The Scriptures do not shy away from the truth that God is not only the source of blessing but also the ultimate source of trials. Triumphs and trials both come from the LORD: either directly or indirectly.

There are times that trials are God’s means to test His children’s spiritual endurance (James 1:1-8; I Peter 1:1-9). These difficulties are from the providential hand and purpose of God. Consider the following biblical texts.

Exodus 4:10–14 – “10 But Moses said to the Lord, “Oh, my Lord, I am not eloquent, either in the past or since you have spoken to your servant, but I am slow of speech and of tongue.” 11 Then the Lord said to him, “Who has made man’s mouth? Who makes him mute, or deaf, or seeing, or blind? Is it not I, the Lord? 12 Now therefore go, and I will be with your mouth and teach you what you shall speak.” 13 But he said, “Oh, my Lord, please send someone else.” 14 Then the anger of the Lord was kindled against Moses and he said, “Is there not Aaron, your brother, the Levite? I know that he can speak well. Behold, he is coming out to meet you, and when he sees you, he will be glad in his heart.”

Ecclesiastes 7:13–14 – 13 Consider the work of God: who can make straight what he has made crooked? 14 In the day of prosperity be joyful, and in the day of adversity consider: God has made the one as well as the other, so that man may not find out anything that will be after him.”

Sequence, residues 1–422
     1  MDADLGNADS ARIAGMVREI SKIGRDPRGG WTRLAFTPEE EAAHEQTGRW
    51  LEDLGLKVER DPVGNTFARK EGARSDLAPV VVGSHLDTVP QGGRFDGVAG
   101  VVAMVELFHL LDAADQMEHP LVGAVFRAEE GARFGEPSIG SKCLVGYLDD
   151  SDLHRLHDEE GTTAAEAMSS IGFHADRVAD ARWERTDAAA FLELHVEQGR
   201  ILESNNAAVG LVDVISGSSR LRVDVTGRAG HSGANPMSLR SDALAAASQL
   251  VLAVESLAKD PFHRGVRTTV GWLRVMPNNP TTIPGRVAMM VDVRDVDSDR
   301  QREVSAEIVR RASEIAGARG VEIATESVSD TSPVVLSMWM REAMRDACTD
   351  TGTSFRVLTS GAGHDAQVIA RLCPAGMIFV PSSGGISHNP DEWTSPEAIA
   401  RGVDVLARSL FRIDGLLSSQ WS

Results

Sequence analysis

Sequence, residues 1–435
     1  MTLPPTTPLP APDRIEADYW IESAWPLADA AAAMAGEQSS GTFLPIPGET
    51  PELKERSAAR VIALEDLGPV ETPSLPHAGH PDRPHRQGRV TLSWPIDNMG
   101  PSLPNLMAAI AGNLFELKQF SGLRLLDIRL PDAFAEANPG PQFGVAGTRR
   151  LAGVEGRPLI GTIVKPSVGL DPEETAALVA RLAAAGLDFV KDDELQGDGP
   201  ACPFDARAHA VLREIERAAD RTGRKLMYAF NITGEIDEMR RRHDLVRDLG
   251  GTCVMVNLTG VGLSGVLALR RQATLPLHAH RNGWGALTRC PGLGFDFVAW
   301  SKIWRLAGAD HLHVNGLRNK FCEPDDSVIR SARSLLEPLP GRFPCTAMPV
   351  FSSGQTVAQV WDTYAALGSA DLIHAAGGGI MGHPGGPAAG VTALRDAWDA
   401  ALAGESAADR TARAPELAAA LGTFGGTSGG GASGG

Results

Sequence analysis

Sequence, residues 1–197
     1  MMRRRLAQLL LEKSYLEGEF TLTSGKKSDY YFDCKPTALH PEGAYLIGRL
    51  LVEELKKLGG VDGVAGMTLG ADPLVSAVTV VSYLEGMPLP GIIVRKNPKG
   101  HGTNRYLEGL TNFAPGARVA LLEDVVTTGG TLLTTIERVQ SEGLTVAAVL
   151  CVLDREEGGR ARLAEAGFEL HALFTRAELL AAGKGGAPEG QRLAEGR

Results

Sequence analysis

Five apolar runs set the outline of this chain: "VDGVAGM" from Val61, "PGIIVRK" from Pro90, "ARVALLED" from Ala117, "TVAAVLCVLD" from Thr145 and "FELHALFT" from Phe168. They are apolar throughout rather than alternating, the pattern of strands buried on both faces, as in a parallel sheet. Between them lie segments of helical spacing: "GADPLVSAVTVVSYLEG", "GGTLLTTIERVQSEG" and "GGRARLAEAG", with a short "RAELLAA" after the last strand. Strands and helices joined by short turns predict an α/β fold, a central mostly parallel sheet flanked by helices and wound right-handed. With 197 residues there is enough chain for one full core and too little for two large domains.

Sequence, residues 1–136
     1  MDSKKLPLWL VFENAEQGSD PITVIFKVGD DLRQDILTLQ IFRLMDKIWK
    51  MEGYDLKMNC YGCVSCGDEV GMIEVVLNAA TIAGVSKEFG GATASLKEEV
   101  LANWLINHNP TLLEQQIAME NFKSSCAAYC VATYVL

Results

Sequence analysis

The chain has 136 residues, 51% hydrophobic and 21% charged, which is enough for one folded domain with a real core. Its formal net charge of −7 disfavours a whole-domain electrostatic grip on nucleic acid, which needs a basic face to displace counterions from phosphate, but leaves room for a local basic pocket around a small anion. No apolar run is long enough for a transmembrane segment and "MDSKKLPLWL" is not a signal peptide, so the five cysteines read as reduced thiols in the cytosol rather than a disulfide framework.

Isaiah 45:1–7 – “Thus says the Lord to his anointed, to Cyrus, whose right hand I have grasped, to subdue nations before him and to loose the belts of kings, to open doors before him that gates may not be closed: “I will go before you and level the exalted places, I will break in pieces the doors of bronze and cut through the bars of iron, I will give you the treasures of darkness and the hoards in secret places, that you may know that it is I, the Lord, the God of Israel, who call you by your name. For the sake of my servant Jacob, and Israel my chosen, I call you by your name, I name you, though you do not know me. I am the Lord, and there is no other, besides me there is no God; I equip you, though you do not know me, that people may know, from the rising of the sun and from the west, that there is none besides me; I am the Lord, and there is no other. I form light and create darkness; I make well-being and create calamity; I am the Lord, who does all these things”.

Lamentations 3:37–38 – “37 Who has spoken and it came to pass, unless the Lord has commanded it? 38 Is it not from the mouth of the Most High that good and bad come?”

The LORD provided Israel with ample warning concerning their need, and His command, that they repent of their sin and return to the LORD their God. This they refused to do.